Certification requirements have also changed. “It's harder than it was in 2008 to become certified,” he says.
Today, mariners in Canada looking to upgrade their skills might be able to benefit from labour market development agreements between the provinces and territories and the federal government. But it depends on where they work.
Because BC Ferries receives substantial government funding, it isn’t eligible for BC’s Employer Training Grant Program. The program, funded by the federal government through the Workforce Development Agreement, addresses provincial labour market needs by reimbursing employers up to $300,000 per year for skills training.
While other companies give employees paid time off for career-advancement opportunities and then reimburse them for tuition once they complete a course, McNeely says, BC Ferries offers “piecemeal funding” to employees who want to advance their certifications and move up the career ladder, enabling them to take a course here or there but failing to help mariners advance their careers in a timely way. Not all employees have access to the courses or funding, he says.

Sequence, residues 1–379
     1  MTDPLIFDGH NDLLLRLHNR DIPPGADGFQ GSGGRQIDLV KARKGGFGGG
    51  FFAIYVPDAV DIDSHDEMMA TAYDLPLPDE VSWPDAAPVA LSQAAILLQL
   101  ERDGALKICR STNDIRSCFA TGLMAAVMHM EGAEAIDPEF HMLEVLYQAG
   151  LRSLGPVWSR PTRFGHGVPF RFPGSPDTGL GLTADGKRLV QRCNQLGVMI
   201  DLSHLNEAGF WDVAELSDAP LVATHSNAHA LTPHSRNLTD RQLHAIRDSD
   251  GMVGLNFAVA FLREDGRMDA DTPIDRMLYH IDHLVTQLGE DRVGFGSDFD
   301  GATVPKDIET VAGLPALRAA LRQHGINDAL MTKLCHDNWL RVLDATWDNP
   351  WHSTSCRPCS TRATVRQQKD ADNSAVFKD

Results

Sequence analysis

Like Oram, other retired mariners recall urging BC Ferries to create career-development programs. “I remember us telling the corporation in negotiations light years ago that they should be providing a proper training program so that people could move up the ladder from within the company,” a retired mate recently posted on the Facebook group for BC Ferries Alumni. “And the line from Labour relations was ‘we can always hire what we need from offshore.’ Oops!!”
“I remember the same,” a retired captain responded. “I too promoted in-house training but it fell on deaf ears.”
That captain elaborated on his comment in an email to Capital Daily. “As a Senior level Manager, I had Junior Officers come to me to ask if I could support their education to obtain higher certification so they could move forward to becoming a ship’s Captain,” he wrote. “My hands were completely tied as funds, and more importantly, the Corporate philosophy was to import these certified staff as opposed to train our own in-house employees. I spoke a number of times at management meetings about the error of this type of thinking, but was ignored. Wasn’t the flavour of the day and now we see the fruits of that type of policy implementation.”